(WASHINGTON) — Active duty members of the military and their loved ones were thrilled Thursday when a vote in the House of Representatives reinstated the tuition assistance program for military members.
The Republican majority House voted Thursday to approve the 2013 Continuing Resolution, a stopgap measure that funds federal agencies through Sept. 30. The resolution includes an amendment instructing secretaries of the branches of the military to reinstate the program until the end of fiscal year 2013. Thursday’s legislation does not cover cuts specifically prescribed in the automatic, across-the-board sequester legislation.
Cmdr. Leslie Hull-Ryde, a spokesperson for the Department of Defense, said his office values the tuition assistance program, but the fiscal climate is ripe for reevaluating programs.
“As always, whenever the president signs legislation proposed by Congress into law, we will comply,” Hull-Ryde wrote in an email to ABC News Thursday. “If enacted, this legislation would require the services to make difficult and very thoughtful decisions on how to fund tuition assistance throughout the remainder of FY13 without impacting readiness.”
John Harrison, 26, is a sergeant in the U.S. Marine Corps, and his wife, Amanda, 25, had been looking for work since October, when the couple moved from North Carolina to where he is stationed in California. Amanda had created a petition on Change.org asking leaders to reverse the suspensions.
The Harrisons are unsure of how much funding they’ll receive going forward. But even a fraction of what they received before to help John pursue his bachelor’s degree in intelligence analysis would be more than amenable to the couple.
“The question is, what do we do next and what can we expect?” Harrison told ABC News Thursday. “Right now they’re paying nothing, so yes, 75 percent sounds really great.”
“The cost of living in California is a lot higher than it was in North Carolina, so we’ve had to adjust a lot,” Amanda said. She recently found out she will be starting a job soon, but she is also a full-time student, earning her own bachelor’s degree.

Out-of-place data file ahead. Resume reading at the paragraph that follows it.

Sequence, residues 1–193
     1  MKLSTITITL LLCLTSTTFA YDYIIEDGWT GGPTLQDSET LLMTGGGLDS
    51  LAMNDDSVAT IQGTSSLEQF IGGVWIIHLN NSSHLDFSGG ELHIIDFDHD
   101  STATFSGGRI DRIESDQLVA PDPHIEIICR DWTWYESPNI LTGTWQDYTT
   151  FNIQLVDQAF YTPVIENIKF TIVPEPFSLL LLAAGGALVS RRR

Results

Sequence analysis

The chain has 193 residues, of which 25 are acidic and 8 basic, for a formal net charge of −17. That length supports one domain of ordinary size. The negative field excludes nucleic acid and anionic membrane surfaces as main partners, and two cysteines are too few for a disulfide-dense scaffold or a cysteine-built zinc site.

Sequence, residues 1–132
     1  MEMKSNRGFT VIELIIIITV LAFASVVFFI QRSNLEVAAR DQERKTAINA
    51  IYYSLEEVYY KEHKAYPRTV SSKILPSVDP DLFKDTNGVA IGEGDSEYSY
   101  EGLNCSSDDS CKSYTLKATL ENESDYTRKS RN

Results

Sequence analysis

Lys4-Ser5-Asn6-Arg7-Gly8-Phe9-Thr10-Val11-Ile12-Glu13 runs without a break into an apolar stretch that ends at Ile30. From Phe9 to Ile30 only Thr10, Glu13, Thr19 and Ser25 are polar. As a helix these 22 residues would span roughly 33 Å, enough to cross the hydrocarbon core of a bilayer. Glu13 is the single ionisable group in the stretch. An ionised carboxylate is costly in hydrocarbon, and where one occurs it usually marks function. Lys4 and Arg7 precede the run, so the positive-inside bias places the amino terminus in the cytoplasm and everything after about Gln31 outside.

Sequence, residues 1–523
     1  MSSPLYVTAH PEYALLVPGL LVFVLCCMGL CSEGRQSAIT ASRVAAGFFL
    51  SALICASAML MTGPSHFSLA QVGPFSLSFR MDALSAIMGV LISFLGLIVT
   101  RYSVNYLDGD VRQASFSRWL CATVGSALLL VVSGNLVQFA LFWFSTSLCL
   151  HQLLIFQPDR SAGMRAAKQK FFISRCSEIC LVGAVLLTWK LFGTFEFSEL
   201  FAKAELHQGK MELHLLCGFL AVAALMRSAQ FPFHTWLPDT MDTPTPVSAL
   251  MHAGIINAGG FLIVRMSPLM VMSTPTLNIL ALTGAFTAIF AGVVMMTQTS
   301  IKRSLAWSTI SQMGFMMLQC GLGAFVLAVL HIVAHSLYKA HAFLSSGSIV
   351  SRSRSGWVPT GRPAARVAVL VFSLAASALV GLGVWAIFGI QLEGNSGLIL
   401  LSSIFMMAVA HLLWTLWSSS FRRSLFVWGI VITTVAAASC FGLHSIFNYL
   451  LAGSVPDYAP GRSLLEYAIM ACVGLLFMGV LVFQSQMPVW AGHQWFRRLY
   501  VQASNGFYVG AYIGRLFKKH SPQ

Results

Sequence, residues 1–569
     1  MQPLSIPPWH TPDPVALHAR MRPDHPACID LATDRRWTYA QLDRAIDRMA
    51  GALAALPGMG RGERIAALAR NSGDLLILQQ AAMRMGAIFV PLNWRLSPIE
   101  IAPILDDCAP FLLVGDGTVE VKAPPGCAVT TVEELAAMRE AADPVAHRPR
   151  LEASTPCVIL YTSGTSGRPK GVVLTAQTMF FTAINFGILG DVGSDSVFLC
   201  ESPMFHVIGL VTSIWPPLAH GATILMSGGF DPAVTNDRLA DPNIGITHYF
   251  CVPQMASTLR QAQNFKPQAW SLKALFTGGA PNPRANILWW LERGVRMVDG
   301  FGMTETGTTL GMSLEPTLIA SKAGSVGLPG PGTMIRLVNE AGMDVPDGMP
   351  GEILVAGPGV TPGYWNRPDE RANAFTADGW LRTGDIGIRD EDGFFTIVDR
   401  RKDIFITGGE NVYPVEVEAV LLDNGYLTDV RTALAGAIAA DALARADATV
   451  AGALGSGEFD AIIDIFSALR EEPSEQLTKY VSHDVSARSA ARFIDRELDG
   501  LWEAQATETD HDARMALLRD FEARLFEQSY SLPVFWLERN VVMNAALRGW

One of the benefits John saw in the military was the opportunity to finance the rest of his education.
“There was no money for him to go to college as far as his parents were concerned, and so he wasn’t really sure who was going to pay for it,” Amanda said.
John initially feared he would have to put his studies aside when he heard the Marines were suspending their program, but Amanda was determined that he would see it through. If he deployed or if the couple decided to have children, she expected he would be too busy to take classes.
“My opinion is that we have to try and find some way to make it work,” she said. “If you have time, you need to go to school, and you can’t just keep waiting around.”
A degree will make John eligible for a higher pay grade if he stays in the service, and more attractive to private employers once he leaves, Amanda said.
Amanda’s petition received over 42,000 signatures in less than three weeks. She said the response had been overwhelmingly supportive, with military mothers, spouses and even veterans writing to tell her how the tuition assistance program made a difference in their lives.
“It’s so valuable,” Amanda said of the program, “and my family and a lot of other families, we sacrifice a lot as far as other income we could have and our own family as far as where can we live, what can we do, when can we do it, time with our family…”
“[Tuition assistance] is a huge benefit…It’s something that we all really appreciate.”
Copyright 2013 ABC News Radio
Phil Mattingly, Tom LoBianco and David Mark, CNN
Eric Bradner, CNN Newswire